We are mostly daylight feeders, but tend to shun extremely bright light and very warm, calm days. Mornings and evenings are generally best for us but, while one day we may be in the shallows or near the surface, the next day for no obvious reason, we may be in the depths. Similarly, we may favor slow moving food down deep one minute, but the next take a fast-moving surface fly. The bottom line is that there are few absolute rules for fishing for me but lots of generalizations that can increase the angler’s chances. 

Where anglers are allowed to fish by any method, many will spin with a wide variety of lures, depending on the water and size of fish they hope to catch. While we take “natural” looking spinners we also like bright flashy things. Once again, we may be in the shallows or depths and go for fast or slow recoveries. Bait fishing is more predictable and can be productive and, again, a wide variety of natural baits can be used. Live baiting can be successful, usually using a small fish, while a worm or a similar organism can work well, too.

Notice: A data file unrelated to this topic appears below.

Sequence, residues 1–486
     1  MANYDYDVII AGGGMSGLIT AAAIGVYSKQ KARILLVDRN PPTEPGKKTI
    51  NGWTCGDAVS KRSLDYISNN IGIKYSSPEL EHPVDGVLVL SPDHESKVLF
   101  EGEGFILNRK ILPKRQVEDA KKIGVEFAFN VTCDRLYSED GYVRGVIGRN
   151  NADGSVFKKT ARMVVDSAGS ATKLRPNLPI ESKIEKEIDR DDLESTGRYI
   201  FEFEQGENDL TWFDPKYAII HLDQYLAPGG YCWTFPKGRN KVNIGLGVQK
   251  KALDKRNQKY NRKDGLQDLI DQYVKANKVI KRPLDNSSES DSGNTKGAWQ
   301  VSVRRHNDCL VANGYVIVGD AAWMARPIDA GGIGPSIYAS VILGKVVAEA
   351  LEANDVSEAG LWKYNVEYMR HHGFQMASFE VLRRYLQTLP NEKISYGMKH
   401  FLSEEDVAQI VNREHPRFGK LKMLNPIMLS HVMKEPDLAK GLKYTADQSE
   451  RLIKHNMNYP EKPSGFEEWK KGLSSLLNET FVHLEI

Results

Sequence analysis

Much of our appeal, beyond apparently tasting good, is our fighting ability. We are renowned for repeatedly leaping high out of the water and powering away just under the surface leaving a substantial bow wave. When hooked on a fly, our first few runs can be almost unstoppable and when we leap out of the water we usually shake our heads in an effort to loosen any hooks. Our fighting ability, combined with our rapid growth to a substantial size, make rainbow trout one of the most sought-after freshwater fish. Many freshwater anglers have treasured memories of a first run by a large rainbow – powerfully and inexorably stripping the line off a reel then leaping high out of the water several times followed by the satisfaction of landing and releasing a magnificent rainbow trout.